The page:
Airline and hospital officials said a Delta Air Lines plane was held at McCarran International Airport, but it turned out to be a false alarm and an all-clear was issued. A Delta spokesman said the concerns arose after a passenger on the flight from New York's John F. Kennedy International Airport reported feeling unwell.
It was the latest Ebola scare involving aircraft in the past week, which have been reported by U.S. media. On Wednesday, a passenger on board a U.S. Airways flight from Philadelphia said he had Ebola.
Officials in the Dominican Republic investigated and cleared the aircraft, the airline said. Video from a passenger showed officials in blue-colored protective suits boarding the plane after landing and escorting a man off. The same day, an American Airlines plane made an unscheduled landing in Midland, Texas, after a woman vomited on board.
Health officials in protective clothing removed passengers from a plane in Newark, New Jersey, on Saturday over fears a Liberian man and his daughter who were on board were showing symptoms.
These and a rash of incidents in countries from Macedonia to the Czech Republic to Brazil worry doctors and emergency medical professionals about available resources.
“If this really becomes a widespread Ebola panic, and EMS crews are getting 50 Ebola false alarms a day, the system will become seriously overextended, ” said Dr. Peter Taillac, professor of emergency medicine at the University of Utah School of Medicine. “The response will be worse than the reality.”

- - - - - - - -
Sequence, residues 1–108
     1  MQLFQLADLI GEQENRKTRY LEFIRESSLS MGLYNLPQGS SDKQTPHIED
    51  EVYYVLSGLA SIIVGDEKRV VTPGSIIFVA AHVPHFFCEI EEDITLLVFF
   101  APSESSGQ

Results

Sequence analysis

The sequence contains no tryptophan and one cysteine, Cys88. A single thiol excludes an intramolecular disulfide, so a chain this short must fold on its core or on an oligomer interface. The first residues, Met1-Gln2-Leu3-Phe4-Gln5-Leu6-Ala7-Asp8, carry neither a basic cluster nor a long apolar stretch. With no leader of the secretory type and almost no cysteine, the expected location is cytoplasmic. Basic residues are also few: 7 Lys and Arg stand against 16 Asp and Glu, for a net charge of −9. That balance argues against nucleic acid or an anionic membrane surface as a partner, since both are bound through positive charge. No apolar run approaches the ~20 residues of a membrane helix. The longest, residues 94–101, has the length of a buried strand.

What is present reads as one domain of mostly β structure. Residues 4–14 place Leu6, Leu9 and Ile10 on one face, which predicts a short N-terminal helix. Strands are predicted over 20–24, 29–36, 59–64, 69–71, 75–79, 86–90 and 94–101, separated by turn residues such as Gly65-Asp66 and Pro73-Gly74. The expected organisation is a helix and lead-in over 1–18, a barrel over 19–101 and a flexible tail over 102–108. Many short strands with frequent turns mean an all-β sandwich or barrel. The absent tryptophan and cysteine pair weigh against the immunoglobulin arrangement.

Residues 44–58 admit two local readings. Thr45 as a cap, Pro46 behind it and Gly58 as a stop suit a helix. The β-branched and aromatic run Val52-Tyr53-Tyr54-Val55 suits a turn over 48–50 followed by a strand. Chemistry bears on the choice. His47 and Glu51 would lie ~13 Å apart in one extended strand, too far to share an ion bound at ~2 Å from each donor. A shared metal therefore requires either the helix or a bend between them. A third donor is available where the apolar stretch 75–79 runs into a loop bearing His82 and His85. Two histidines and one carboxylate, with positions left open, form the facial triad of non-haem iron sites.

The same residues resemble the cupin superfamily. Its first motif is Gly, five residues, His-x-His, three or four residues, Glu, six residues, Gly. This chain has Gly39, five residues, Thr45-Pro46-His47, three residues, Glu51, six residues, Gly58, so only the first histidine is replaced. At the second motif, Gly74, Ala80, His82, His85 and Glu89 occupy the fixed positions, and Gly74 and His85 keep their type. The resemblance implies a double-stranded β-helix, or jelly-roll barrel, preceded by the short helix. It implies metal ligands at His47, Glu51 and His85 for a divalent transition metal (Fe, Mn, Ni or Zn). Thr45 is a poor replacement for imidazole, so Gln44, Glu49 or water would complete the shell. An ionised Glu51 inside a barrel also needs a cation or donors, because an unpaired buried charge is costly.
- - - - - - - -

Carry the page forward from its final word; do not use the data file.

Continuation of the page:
Airline stocks fell after initial reports of the Las Vegas incident. Delta Air Lines Inc was down 1.7 percent; Southwest Airlines fell 1.8 percent, and United Continental Holdings lost 2.5 percent.
The death this week of the first person diagnosed with Ebola in the United States and the hospitalization in Spain of a nurse who was the first to contract the virus outside West Africa have changed the perception of Ebola to a global threat from what had been seen as a problem for poor West African countries.
A study last month by the U.S. Centers for Disease Control and Prevention (CDC) projected there could be as many as 1.4 million cases of Ebola in West Africa by mid January.
Liberian Thomas Eric Duncan, who flew on commercial planes from his home country to Dallas in late September, died of Ebola on Wednesday morning. His body has been cremated, Texas health officials said on Friday.
Growing awareness of the disease and accompanying fears have led to several people being tested as a precaution.
Doctors in Macedonia have "serious indications" that alcohol, not Ebola, may have killed a British man visiting the Balkan country, a senior health official said.
Brazil's health minister said doctors were testing a man who arrived Sept. 19 from Guinea but he was "in good shape" and his slight fever has subsided. Tests showed a hospitalized Czech man, who had recently traveled to Liberia, does not have Ebola, officials said.